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A birthday gift from Silas
Conyers family asks for birthday donation to cleft palate repair team

To donate to Silas Correll’s birthday account, go to

For his first birthday, instead of receiving gifts, a very special Conyers baby and his family want to give a gift to the medical team that helped reconstruct his face.

Silas Correll was born last January with a cleft palate and lip, a birth defect that left him with no separation between his mouth and nose cavities. 

In his less-than-one year of life on earth so far, this sweet baby has endured two major facial surgeries to reconstruct the roof of his mouth and lip. Although he faces more surgeries in the years to come for dental work and possible hearing issues, he is now better able to eat and is even beginning to attempt say syllables.

In gratitude, his mother Jaime Stone and father Joshua Correll wanted to do something for the craniofacial team at the Children’s Hospital of Atlanta. 

Jaime said, “The entire team at Scottish Rite, they were so great, informing us and teaching us everything we needed to know about” cleft palate before Silas was born. After he was born on January 20, 2014, when he was sent to the Neonatal Intensive Care Unit at Northside Hospital, the medical team from CHOA would come to check on him, even walking through the “Snowpocalypse” winter storm that shut down Atlanta’s roadways. 

For Silas’s first birthday, Jaime and Joshua knew they didn’t need anything since they have plenty of toys and clothes with Silas’s older brother, Elijah, 2. Instead, Jaime is asking friends, family and the community to donate to the “Silas’s 1st B-day Charity 4 Cleft” GoFundMe account online.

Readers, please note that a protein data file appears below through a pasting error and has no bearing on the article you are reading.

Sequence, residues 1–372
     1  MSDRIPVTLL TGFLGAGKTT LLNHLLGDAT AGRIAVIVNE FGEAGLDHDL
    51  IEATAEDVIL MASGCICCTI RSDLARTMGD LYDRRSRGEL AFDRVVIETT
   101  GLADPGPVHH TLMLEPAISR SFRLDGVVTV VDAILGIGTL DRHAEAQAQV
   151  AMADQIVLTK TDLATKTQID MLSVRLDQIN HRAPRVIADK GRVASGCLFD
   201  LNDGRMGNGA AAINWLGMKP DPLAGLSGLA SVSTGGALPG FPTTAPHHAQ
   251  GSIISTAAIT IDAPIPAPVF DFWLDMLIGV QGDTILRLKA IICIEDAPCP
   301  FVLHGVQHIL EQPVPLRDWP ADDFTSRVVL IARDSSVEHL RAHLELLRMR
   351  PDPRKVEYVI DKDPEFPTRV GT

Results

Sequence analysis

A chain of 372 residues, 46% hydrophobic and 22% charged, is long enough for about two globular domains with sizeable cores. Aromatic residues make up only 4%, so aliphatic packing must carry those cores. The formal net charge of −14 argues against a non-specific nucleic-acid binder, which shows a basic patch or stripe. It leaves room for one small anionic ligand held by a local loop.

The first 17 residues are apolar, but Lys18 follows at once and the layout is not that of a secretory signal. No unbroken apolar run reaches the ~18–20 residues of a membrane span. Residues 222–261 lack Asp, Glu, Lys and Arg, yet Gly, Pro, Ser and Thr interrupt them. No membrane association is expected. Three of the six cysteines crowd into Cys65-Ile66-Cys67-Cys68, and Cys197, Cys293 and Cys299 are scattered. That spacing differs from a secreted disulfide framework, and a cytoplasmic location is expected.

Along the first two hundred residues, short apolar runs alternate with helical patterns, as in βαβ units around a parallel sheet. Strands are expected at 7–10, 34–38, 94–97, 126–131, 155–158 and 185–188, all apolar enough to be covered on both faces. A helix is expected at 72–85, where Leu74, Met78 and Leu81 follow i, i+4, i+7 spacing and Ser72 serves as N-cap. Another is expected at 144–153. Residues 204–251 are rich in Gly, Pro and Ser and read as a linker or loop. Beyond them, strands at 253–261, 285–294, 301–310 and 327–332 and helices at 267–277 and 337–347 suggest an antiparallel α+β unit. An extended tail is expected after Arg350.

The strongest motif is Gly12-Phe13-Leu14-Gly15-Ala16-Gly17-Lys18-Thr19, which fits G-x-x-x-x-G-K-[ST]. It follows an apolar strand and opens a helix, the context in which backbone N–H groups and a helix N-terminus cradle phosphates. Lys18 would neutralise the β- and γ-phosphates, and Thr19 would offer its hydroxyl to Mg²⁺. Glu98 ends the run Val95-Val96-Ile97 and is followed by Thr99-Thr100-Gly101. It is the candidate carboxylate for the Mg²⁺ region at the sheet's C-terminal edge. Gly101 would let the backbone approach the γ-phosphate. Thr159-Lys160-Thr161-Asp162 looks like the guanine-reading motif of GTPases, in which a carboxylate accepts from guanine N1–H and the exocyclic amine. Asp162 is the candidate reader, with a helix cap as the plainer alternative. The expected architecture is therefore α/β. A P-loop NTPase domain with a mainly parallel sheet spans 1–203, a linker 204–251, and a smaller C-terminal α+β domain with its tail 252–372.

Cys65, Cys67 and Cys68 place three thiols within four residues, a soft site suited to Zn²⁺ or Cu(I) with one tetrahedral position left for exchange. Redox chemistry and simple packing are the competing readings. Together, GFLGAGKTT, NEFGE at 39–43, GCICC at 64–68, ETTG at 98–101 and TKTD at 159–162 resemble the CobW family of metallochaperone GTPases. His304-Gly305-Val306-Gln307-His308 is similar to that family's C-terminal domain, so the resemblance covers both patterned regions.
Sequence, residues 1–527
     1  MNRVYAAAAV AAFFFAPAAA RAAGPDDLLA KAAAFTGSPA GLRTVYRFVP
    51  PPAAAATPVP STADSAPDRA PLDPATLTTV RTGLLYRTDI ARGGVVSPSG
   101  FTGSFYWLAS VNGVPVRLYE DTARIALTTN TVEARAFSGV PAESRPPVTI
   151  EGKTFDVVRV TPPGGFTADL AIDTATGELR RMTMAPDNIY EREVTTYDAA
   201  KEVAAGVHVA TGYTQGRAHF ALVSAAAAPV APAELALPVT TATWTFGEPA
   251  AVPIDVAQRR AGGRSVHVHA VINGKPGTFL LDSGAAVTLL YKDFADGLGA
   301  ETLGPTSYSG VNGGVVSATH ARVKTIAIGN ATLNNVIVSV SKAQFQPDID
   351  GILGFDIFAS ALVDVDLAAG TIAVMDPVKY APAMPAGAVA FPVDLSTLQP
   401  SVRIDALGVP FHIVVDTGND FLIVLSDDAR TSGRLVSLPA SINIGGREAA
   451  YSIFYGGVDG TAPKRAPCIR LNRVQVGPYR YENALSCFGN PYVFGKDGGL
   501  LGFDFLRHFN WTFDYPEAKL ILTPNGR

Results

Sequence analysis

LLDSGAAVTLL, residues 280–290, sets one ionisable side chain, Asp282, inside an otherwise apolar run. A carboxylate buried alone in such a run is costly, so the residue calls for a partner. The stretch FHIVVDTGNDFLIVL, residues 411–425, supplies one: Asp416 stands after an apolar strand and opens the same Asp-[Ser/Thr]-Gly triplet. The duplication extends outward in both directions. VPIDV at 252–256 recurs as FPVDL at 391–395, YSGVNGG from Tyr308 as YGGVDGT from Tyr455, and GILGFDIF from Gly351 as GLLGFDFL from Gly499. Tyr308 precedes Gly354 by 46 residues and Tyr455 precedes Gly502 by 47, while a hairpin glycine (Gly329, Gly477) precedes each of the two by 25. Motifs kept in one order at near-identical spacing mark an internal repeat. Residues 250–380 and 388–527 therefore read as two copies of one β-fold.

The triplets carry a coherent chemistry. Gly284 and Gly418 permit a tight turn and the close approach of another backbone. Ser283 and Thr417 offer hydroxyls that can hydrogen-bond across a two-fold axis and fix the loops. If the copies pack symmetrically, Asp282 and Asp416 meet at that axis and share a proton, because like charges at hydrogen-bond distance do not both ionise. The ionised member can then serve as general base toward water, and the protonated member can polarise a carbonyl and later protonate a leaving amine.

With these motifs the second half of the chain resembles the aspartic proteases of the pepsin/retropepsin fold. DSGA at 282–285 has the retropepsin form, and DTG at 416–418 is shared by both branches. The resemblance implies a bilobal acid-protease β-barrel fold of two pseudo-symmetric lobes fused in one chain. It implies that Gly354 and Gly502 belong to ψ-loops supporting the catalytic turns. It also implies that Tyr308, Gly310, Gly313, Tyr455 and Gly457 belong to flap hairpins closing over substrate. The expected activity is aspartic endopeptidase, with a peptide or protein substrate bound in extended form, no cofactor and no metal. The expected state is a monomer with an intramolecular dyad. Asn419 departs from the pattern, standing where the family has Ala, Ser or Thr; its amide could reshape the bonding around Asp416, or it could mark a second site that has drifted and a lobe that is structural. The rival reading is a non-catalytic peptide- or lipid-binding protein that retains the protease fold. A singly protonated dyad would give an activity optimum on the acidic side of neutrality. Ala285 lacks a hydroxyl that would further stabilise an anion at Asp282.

She started off with a modest goal of just a few hundred dollars, but after seeing how quickly that was reached, set the bar higher. Her goal now is to raise $5,000 before January 9 to present to the CHOA craniofacial team.

The experience has been an eye-opening one for Jaime and her friends and family. 

“For him to be born and look so incredibly different from every other baby and be happy and great and an amazing kid, it inspired a lot of people to reach out to different charities that aren’t as common,” she said.

Their world changed the day Jaime and her fiancé Joshua, both Rockdale County High alums, went for an ultrasound. They thought they were going to find out whether they were having a boy or girl, and instead, after six hours, heard the diagnosis of bilateral cleft lip and palate. 

“Obviously it was just devastating. I was not at all prepared for it,” said Jaime. “I had never thought in a million years that would happen.”

“A mother goes through stages of guilt. ‘Couldn’t I have taken another vitamin, was it something I did?’ It was a very trying time.”

She had to come to grips with the fact that researchers don’t know exactly what causes cleft palate and that it can happen to any mother.

“There should be research for why this is happening and no one can figure it out... People are being born with cleft on a daily basis and no one knows why. There’s no way to prevent it,” she said. 

Luckily, Silas is healthy and like any other baby in every other way and the cleft and deformity was largely cosmetic. Jaime is looking forward to celebrating Silas’s first birthday this January and donating to the medical team that did so much for her son.

“He is so happy, he is so active. He is constantly on the move. Just like any one year old wants to do. He loves playing peekaboo. He loves Mickey Mouse and dancing. He’s just a really happy baby.”